Scorpiurus muricatus L. (prickly scorpion’s tail) is a legume species widely distributed as a spontaneous plant in Mediterranean pastures. In Sicily, farmers ascribe to this species a very high palatability and galactogogue effect, so that its abundance increases the value of the pasture. However, despite its worthy traits, the use of S. muricatus as a forage within cropping systems has not been well investigated. A field experiment was performed during two growing seasons in a semiarid Mediterranean environment to acquire information on the productivity of S. muricatus in comparison with other forage species grown in Mediterranean areas (e.g. berseem clover, burr medic, subterranean clover) and on its response to different cutting managements (cuts made in different phenological stages). Results showed that S. muricatus can provide biomass yield similar to, and in some cases higher than, that of the other forage legumes evaluated, differing from these species in its temporal distribution of the biomass accumulation. The findings contribute to define the role that S. muricatus could play in improving the productivity sustainability of the Mediterranean forage systems.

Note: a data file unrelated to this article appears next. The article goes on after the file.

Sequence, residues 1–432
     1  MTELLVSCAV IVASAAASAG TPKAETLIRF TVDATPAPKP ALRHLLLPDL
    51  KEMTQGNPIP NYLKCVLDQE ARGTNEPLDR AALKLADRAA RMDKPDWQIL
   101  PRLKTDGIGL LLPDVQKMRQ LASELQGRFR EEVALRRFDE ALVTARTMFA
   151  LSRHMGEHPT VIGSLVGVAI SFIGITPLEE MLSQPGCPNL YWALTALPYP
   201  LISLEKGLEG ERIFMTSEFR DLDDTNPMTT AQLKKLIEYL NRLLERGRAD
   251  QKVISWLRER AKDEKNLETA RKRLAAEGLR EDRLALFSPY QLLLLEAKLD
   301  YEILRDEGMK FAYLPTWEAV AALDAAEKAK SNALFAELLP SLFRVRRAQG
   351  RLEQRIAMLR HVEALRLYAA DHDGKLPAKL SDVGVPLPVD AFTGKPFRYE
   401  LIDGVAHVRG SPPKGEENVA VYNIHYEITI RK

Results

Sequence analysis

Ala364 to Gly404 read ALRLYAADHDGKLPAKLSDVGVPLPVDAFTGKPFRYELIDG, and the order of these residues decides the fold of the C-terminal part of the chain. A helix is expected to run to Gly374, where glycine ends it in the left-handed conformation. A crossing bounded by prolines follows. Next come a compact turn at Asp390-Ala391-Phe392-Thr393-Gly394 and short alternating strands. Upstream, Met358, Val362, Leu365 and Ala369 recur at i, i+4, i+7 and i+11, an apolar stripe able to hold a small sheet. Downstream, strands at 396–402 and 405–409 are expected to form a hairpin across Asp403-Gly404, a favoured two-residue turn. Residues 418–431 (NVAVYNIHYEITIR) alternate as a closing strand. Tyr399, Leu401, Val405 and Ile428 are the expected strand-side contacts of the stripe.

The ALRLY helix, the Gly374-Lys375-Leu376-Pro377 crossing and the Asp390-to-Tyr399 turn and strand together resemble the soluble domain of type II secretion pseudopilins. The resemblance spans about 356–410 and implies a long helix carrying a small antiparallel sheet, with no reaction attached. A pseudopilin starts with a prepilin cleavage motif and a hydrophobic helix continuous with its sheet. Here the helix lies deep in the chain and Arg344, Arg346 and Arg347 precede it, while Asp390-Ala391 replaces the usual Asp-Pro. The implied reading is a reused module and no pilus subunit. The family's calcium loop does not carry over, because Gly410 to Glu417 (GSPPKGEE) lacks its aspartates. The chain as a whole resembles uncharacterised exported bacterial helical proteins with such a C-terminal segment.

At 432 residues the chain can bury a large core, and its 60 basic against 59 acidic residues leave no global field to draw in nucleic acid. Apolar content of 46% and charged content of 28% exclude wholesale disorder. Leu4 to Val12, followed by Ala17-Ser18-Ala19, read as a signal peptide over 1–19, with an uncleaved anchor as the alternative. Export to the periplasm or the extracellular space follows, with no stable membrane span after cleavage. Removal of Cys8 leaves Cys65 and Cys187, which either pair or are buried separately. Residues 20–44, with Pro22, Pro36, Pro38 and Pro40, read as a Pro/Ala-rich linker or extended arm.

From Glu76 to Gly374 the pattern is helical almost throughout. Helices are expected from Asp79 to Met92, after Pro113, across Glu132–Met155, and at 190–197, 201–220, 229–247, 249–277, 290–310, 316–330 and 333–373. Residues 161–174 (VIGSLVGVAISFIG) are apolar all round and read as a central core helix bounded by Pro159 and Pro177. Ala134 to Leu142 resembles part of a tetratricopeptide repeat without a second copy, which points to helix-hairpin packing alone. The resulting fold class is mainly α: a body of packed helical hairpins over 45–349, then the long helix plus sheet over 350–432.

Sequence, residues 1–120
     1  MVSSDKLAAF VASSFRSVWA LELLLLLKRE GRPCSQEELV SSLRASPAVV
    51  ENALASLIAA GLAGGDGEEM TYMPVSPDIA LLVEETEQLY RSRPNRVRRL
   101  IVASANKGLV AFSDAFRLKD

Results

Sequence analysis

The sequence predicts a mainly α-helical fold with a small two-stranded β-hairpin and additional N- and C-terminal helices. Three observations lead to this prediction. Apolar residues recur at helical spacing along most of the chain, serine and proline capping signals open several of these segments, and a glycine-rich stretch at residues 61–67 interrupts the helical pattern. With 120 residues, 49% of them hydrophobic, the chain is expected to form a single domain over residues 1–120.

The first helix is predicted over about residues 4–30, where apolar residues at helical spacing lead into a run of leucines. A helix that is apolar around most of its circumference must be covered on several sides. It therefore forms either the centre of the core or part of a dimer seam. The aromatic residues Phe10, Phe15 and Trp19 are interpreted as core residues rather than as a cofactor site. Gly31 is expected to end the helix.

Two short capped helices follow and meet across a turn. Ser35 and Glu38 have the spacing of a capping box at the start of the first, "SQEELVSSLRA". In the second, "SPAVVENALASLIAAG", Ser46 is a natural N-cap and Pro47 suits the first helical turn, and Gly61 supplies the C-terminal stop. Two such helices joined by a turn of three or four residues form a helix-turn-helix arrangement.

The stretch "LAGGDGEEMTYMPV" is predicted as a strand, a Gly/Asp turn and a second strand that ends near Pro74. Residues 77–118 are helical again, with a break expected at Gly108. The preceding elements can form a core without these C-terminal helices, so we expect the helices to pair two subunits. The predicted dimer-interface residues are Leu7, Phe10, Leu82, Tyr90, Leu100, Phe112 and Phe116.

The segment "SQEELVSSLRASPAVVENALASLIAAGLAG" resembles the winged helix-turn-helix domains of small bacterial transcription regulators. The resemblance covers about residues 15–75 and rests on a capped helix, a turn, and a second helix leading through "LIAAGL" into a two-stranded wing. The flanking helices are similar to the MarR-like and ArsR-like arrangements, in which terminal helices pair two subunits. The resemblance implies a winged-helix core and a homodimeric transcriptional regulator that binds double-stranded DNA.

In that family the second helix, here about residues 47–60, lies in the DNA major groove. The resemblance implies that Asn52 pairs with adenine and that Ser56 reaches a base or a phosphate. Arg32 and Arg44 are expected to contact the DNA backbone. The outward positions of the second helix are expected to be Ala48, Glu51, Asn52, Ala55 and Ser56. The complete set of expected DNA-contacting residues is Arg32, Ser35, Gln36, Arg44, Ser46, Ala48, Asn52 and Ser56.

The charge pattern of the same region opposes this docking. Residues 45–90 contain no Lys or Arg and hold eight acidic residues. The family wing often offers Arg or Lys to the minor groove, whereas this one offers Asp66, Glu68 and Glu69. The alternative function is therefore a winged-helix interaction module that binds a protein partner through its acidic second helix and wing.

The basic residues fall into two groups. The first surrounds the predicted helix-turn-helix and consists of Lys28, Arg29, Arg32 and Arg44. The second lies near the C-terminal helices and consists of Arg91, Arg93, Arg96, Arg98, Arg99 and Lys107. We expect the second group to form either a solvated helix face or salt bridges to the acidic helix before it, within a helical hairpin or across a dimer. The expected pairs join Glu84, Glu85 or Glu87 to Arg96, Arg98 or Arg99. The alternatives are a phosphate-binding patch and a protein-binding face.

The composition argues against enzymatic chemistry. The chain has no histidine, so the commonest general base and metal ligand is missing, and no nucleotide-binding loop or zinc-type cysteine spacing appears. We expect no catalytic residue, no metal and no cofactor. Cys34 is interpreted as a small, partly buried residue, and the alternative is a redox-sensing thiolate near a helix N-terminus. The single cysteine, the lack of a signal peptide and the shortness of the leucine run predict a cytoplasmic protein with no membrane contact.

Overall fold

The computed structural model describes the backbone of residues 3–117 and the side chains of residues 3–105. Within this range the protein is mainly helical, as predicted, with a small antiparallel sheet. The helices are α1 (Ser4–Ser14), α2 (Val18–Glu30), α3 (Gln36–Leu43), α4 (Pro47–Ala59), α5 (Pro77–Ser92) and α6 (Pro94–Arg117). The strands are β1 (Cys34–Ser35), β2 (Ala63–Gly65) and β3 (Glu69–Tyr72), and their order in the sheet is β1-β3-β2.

|Number of pages||3|
|Publication status||Published - 2017|